Gideon Raff, the creator of the Israeli series on which “Homeland” is based, invented this series about a pediatrician from California who is drawn back into the heart of warfare, terrorism and tribalism upon the death of his father, the ruler of a small Middle Eastern country.

It’s an intriguing idea, and the pilot was steeped in action and violence, but the leap of faith the viewer was asked to make with this return-to-the-tribe premise was too large — and Raff never made us care a whit about the primary American character, the prodigal son, played with clenched jaw and not much else by Adam Rayner.

The news only gets worse: What is yet to come in this hitless summer isn’t any better.

On paper, no summertime title looked more promising to me than “The Honorable Woman,” a miniseries starring Maggie Gyllenhaal as the head of a company and foundation deeply engaged in West Bank politics. The British-made miniseries debuts July 31 on Sundance.

Hugo Blick wrote and directed the series, and he surrounds Gyllenhaal with a superlative British cast that includes Stephen Rea, Janet McTeer and Lindsay Duncan. Rea is outstanding as a jaded Brit spymaster.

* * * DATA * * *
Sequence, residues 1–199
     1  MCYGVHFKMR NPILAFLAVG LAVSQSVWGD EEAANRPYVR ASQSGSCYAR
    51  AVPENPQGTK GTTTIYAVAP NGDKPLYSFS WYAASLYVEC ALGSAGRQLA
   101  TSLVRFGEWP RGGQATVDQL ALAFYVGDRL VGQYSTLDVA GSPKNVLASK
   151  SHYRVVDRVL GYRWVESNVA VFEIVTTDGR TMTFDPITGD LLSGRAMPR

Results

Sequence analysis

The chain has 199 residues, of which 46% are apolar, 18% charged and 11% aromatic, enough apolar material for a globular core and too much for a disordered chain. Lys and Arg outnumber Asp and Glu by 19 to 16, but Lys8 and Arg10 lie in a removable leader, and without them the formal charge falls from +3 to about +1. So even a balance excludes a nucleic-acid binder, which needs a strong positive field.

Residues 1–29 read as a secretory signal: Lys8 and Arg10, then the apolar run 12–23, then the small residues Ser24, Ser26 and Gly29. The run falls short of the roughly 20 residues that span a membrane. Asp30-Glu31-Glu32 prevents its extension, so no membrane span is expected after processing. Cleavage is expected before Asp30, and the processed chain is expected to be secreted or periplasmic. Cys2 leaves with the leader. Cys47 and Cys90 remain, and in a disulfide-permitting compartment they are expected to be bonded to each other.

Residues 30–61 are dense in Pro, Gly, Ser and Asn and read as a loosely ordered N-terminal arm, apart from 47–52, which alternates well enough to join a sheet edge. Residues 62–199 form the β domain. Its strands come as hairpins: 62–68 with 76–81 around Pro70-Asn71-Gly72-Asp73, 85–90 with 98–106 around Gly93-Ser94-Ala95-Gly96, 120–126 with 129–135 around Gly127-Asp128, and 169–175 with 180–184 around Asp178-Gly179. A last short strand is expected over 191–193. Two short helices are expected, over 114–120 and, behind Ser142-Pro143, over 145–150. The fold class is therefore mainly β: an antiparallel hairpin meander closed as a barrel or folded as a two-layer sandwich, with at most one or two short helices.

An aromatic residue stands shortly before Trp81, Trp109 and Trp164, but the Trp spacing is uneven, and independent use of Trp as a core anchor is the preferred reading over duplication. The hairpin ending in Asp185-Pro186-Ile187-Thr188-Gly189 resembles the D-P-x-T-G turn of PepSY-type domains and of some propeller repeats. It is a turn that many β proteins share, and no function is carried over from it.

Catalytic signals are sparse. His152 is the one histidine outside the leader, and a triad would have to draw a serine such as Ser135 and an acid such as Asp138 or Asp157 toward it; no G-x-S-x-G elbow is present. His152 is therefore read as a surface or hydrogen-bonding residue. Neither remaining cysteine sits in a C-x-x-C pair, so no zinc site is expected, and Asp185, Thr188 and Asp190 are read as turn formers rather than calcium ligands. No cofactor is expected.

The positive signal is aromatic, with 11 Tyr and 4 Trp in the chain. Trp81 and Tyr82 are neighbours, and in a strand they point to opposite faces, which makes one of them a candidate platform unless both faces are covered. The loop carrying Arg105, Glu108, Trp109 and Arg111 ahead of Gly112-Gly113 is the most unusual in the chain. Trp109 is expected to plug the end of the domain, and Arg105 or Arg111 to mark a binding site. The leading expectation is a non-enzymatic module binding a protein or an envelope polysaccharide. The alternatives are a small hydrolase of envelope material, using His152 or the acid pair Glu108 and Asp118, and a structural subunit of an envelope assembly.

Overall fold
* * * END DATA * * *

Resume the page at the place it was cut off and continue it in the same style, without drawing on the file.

So, what’s not to like? Surprisingly, it’s Gyllenhaal, who is in virtually every frame and gives a brittle performance. At first, I couldn’t take my eyes off her. And then I realized there was nothing but surface. She either can’t or won’t go deep as an actress when this script calls for it.

I love that such a big-ticket entertainment project is willing to take on the intricacies of Israeli-Palestinian politics. But Blick needed to be more deft in explaining those politics if he and Sundance are hoping for a mass U.S. audience. Byzantine plotting is to be applauded, but not when it leaves the viewer confused at key points in what is supposed to be a political thriller.